Suffragette doesn’t come out until October 23, but it’s already earned enough press for five movies.
There’s plenty of good press – early Oscar buzz for both Carey Mulligan and Helena Bonham Carter; praise for the rare existence of a movie directed by, written by and starring women; acknowledgement of the importance of learning about this seldom-told part of history. And then there’s the bad press – Meryl Streep saying that she’s not a feminist; those Time Out photos showing the four white stars wearing T-shirts that say “I’d rather be a rebel than a slave”; the domestic violence activist group protesting at the premiere (several members of the film’s cast later spoke out in praise of the protest).
I watched a press screening of Suffragette, and I loved it. I found it to be the story of an important piece of women’s history, told exceptionally well, and I thought the filmmakers managed to convey that this is just one part of the global fight for women’s rights. I understand skepticism about the film’s”whitewashing,” but I also know much more about the racial history of America’s suffrage movement than I do about Britain’s.
So I went straight to the source. I sat down with Suffragette director Sarah Gavron during a press junket at New York’s Waldorf Astoria on Sunday morning to talk about how a movie like Suffragette gets made, what it’s like being a female director in a male-dominated field, and, of course, those criticisms.
I read that Suffragette is a movie that you’ve wanted to make for a long, long time.
I did want to make it for a long time. I hadn’t learned anything about it at school, which is extraordinary because it’s such an important piece of our history. We have the Mary Poppins view of it. Then I started to learn about the true story, the story we tell in the film. These women sacrificed so much: they were imprisoned, went on hunger strikes, were force-fed, faced great police brutality, and they turned to civil disobedience after 40 years of peaceful protests achieved nothing.
It felt like a story that was timely and needed to be resurrected because it’s so resonant with so much that’s going on in the world today. Globally, there are people fighting inequality. All the aspects of this story seem to have many, many echoes.
We debated for a long time whether to do a biopic of Emmeline Pankhurst, but there was something exciting about telling the story of an ordinary woman who had no platform and no sense of entitlement. She, in a way, had much more to lose than the middle-class and upper-class women. Maud [the lead character, played by Carey Mulligan] is a composite of many different working women.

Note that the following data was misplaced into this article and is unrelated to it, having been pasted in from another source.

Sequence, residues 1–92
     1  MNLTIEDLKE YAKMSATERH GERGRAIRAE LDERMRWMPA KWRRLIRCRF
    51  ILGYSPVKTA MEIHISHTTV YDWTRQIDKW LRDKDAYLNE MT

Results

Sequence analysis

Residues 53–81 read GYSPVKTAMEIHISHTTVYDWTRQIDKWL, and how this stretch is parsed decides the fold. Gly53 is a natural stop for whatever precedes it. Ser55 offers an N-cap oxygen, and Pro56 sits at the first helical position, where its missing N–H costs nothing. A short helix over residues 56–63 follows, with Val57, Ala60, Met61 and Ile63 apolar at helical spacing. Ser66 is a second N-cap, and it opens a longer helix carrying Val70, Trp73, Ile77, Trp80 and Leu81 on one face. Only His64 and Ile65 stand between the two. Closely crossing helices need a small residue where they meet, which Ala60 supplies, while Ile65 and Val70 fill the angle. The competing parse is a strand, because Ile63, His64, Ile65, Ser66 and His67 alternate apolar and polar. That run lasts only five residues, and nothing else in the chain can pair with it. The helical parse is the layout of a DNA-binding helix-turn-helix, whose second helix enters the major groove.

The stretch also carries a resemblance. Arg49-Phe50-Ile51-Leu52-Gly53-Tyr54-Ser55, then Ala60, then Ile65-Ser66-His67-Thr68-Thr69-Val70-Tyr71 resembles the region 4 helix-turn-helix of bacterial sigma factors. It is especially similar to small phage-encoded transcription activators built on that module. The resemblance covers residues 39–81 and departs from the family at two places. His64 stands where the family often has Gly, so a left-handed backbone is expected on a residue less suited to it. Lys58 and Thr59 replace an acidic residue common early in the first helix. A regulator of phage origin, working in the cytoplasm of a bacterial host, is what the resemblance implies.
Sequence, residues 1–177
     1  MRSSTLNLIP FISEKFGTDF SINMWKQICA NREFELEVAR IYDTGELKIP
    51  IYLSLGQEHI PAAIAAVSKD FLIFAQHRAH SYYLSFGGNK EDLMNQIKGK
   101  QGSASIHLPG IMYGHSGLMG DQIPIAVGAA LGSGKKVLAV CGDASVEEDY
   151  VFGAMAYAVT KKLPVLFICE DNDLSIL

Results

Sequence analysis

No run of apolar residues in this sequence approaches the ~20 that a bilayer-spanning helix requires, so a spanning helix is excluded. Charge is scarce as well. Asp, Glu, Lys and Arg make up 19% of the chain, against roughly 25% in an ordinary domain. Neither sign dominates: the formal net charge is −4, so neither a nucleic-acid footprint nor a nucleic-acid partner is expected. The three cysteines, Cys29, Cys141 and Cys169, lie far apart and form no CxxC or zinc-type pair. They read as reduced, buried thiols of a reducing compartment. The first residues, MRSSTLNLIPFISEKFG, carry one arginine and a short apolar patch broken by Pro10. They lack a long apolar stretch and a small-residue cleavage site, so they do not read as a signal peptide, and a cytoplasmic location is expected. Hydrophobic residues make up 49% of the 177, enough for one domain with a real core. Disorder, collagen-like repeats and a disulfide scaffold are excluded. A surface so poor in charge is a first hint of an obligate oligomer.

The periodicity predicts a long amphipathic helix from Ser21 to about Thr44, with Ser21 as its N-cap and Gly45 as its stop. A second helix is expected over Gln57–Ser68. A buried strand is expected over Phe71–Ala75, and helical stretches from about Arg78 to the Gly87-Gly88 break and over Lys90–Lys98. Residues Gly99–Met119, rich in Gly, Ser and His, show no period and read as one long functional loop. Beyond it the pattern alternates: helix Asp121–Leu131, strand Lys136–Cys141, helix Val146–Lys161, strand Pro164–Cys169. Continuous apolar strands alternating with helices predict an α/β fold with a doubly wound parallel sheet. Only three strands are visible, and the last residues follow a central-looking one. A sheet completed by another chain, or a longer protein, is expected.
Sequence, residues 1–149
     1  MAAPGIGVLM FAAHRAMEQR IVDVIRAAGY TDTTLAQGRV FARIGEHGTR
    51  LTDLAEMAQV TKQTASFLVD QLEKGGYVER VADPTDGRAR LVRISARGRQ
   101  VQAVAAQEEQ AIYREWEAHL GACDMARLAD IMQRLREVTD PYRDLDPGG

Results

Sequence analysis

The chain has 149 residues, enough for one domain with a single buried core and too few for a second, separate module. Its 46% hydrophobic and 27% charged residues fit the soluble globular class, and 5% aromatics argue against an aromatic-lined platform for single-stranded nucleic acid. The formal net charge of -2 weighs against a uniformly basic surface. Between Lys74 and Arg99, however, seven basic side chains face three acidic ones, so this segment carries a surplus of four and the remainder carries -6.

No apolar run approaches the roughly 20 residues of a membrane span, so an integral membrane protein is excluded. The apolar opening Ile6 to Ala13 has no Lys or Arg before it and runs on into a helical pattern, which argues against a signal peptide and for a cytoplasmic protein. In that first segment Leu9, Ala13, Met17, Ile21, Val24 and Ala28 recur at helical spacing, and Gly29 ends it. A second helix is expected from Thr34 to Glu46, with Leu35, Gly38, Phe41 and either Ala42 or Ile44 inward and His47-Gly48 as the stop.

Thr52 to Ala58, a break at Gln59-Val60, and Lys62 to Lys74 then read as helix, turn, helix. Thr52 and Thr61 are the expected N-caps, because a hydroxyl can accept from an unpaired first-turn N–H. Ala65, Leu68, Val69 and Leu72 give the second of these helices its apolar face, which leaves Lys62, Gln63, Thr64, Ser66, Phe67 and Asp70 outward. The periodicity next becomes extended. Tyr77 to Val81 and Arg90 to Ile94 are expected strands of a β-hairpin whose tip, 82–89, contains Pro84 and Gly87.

The film takes place over a comparatively short period of time and it ends before women get the vote. Could you talk about the decision to focus on that moment, and to end when you did?
We chose to focus on 1912 and 1913 because it was a year where militancy was at its height and the government was at its most brutal. It felt like a year that summed up so much of what was key to the struggle and was also a year that felt most connected to what’s going on in the world today.
We chose to end it where we did because as with many political movements, it essentially ended in negotiation. We wanted to show the lengths to which the women went. We didn’t want to wrap it up neatly. We wanted to end on a moment that was profound.
Suffragette is a period film that intentionally doesn’t feel like a period film. Can you tell me about that?
We wanted to put you in the shoes of the women living then and allow you to see the world through their eyes. That, translated in filmmaking terms, meant having a handheld camera and giving a lot of freedom to the actors so there was fluidity and energy. These women were about “deeds not words,” so we wanted to have a lot of action in the film.
The production designer created these 360 degree sets so we you could look in any direction as much as possible, which is always hard with a period film because you can see modern buildings everywhere! And with the costume design and makeup, we tried to make it feel very real. It permeated the whole way we put together and shot the film and the acting as well.